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Telling Stories

In a recent Wall Street Journal article titled How to Avoid a Bonfire of the Humanities, a supposedly “tech-savvy, empirical, ferociously competitive” Silicon Valley high-tech entrepreneur said:

“English majors are exactly the people I’m looking for. [With virtual products] you have to establish strategic partners, convince talented people to join your firm, explain your product to code writers and designers, and begin to market to prospective customers. And you have to do that without an actual product. How do you do that? You tell stories. That’s why I want English majors.”

My take: Great fodder for a newspaper article, but total nonsense. Not the part about telling stories, but about English majors.

Telling stories — at least the way the quintessential entrepreneur means it, not lying, fibbing, and telling tall tales — is what great leaders, managers, and salespeople do. And becoming a great leader, manager, or salesperson is hardly the domain of English majors.

I’ve worked with a lot of English majors over the last 15 years. They make great editors. Some of them might be great storytellers, but their academic training isn’t necessarily the source of that skill.

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Mr. SiliconValley is failing to consider why telling stories are effective at establishing partnerships, convincing people of join your firm, explaining your product, and marketing to prospects. It’s because

Stories do a better job of making an emotional connection than numbers do. 

Please note that this is not a rational versus emotional thing. Emotions can be rational or irrational. Laughing at  commercials that show children starving in Africa is an irrational emotional response.   

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There’s another thing that Mr. SiliconValley is missing here. What great leaders, managers, and salespeople do is not just tell stories, but get other people to tell stories to themselves

This is not a referral kind of thing. It’s an internal, inside-one’s-own head kind of thing.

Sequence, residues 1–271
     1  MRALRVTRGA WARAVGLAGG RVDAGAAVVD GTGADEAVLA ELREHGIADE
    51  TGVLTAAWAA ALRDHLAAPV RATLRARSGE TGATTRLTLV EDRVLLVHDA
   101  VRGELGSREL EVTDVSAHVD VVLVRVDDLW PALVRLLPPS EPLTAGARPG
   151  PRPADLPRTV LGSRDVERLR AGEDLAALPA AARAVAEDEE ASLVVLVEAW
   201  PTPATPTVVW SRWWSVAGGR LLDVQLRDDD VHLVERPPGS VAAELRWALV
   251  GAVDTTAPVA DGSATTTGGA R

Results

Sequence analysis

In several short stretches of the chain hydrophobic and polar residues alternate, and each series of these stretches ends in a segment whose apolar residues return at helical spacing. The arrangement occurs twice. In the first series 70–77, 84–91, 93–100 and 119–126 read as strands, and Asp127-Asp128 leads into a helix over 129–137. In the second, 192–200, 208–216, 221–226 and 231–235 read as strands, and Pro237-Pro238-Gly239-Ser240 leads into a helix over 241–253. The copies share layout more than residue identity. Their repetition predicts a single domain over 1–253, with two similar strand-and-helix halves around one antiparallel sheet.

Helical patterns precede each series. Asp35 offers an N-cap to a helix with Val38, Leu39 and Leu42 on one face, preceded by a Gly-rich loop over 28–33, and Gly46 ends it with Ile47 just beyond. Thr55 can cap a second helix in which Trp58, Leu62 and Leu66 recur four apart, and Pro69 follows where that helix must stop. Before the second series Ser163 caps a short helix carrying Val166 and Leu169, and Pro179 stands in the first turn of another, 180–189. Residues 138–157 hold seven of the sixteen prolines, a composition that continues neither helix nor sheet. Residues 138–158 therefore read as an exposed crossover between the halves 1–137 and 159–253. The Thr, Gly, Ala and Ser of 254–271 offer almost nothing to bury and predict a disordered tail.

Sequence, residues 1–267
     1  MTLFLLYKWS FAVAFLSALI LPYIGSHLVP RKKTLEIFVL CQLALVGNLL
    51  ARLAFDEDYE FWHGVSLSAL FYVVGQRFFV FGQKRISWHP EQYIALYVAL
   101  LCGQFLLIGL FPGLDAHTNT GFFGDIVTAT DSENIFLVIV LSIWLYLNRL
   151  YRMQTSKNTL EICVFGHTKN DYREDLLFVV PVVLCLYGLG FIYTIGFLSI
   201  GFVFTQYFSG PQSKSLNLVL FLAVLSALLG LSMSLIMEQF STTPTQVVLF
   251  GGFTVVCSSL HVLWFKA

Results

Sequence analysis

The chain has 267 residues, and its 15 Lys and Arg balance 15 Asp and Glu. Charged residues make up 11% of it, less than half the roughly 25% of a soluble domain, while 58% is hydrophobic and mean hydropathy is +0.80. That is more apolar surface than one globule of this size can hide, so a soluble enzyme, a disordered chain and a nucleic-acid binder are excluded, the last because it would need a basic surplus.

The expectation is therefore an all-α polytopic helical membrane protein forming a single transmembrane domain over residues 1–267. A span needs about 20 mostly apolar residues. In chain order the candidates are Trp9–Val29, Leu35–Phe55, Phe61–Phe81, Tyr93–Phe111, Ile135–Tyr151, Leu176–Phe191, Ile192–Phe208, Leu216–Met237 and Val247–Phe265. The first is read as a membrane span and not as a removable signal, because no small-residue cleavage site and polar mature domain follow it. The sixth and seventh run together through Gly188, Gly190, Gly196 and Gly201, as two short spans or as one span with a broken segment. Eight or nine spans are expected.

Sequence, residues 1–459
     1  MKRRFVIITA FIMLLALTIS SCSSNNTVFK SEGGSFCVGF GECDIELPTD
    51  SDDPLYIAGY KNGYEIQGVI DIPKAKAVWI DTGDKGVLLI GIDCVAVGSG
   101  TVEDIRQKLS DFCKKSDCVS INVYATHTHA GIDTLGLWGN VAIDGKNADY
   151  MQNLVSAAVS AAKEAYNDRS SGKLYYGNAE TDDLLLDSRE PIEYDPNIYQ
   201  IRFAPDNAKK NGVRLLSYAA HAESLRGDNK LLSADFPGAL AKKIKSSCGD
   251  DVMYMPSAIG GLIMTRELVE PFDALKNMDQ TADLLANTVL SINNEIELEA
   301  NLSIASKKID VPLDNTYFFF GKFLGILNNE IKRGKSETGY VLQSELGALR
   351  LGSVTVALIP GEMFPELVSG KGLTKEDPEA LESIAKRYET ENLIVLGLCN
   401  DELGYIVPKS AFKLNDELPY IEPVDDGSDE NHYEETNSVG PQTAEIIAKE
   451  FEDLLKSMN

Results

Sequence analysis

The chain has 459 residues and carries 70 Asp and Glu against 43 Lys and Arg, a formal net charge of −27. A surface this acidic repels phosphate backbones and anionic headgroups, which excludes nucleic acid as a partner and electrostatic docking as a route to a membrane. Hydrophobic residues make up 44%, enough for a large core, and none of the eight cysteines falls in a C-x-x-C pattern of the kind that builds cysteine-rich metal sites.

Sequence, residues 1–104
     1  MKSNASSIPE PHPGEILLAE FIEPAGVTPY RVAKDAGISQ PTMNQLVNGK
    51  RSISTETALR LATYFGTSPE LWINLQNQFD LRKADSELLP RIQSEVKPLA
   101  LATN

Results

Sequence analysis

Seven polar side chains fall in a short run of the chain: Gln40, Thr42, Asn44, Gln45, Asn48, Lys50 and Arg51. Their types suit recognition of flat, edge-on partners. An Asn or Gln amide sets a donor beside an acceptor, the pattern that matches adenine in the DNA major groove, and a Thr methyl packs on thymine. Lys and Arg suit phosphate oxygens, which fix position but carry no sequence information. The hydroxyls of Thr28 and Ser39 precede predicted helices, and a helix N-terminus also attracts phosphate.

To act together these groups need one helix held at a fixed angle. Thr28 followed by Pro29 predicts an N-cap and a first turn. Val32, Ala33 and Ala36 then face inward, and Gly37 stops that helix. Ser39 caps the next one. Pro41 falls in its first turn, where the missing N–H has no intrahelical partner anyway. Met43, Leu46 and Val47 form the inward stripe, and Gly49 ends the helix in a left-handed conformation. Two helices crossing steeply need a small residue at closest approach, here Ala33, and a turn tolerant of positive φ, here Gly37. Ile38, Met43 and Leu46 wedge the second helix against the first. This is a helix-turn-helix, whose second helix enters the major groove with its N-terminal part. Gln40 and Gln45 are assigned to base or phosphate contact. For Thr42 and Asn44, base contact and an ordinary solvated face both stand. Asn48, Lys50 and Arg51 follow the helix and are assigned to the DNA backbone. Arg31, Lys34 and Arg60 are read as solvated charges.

When an effective leader, manager, or salesperson tells an effective story, what happens is that listeners develop their own stories — about how they succeed by investing in the company, or buying the product, or by working at the company. 

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There is absolutely nothing about English majors’ training that lead them to develop them skill, or even get them to realize why stories are important in this business context. 

So, Mr. SiliconValley, go ahead and hire English majors. I’m putting my money on the effective story tellers. 


Ron ShevlinRon Shevlin is Director of Research at Cornerstone Advisors. Check out Ron's book, Smarter Bank. According to Brett King, “Ron is famous for his snarky sense of humor, and his well-researched, well-considered takes on banking and customer behavior. If you are in banking, you should read it — you will come away smarter and better informed."

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The Financial Brand Forum 2016 | May 16-18 | Cosmopolitan of Las Vegas

Comments

  1. Glad to see that you support the value of storytelling Ron, more precisely “authentic” storytelling, not hackneyed fluff wrapped in bullshit feel good nonsense. I’ve been singing that tune for years, as evidenced by our ‘WHO ARE YOU’ intro in Nashville. Our firm believes that it’s not about selling, it’s about telling: members want to know who you are as an institution, what you believe in, what you hold true. We believe it is this core value, this connection you create with members and prospective members alike, that keeps your relationship strong and long-lasting.

  2. Hell yeah. Check out this post from 4+ years ago: http://snarketing2dot0.com/2008/05/11/customer-stories-arent-created-equally/

  3. Morris P. had/has it right. Telling a story needs to be a C-level decision, and demands their full commitment and involvement. It needs to be the basis for a discernible brand position, one that is acted on and delivered, and not simply a veneer that the marketing dept. just slaps on.

  4. I’ll buy your argument that the most effective stories are ones that readers and hearers want to tell themselves, and it’s true in politics and war as well as in business. But why did you have to go and ruin a good argument by using the WSJ article reference to English majors as a springboard? I’m a devoted reader, Ron, and I’m usually struck by your humanity and modesty along with the insightful thinking. This time you come off sounding arrogant and narrow minded, and needlessly so. You’re a numbers guy. Would you care to estimate how many “great leaders, managers and salespeople” there are who also happen to have been an English major? And then estimate how many English majors developed into great lawyers, physicians, legislators, combat pilots, journalists, film makers and soldiers.

  5. Michael Weber says:

    God help us if we need to become English majors in order to learn how to communicate.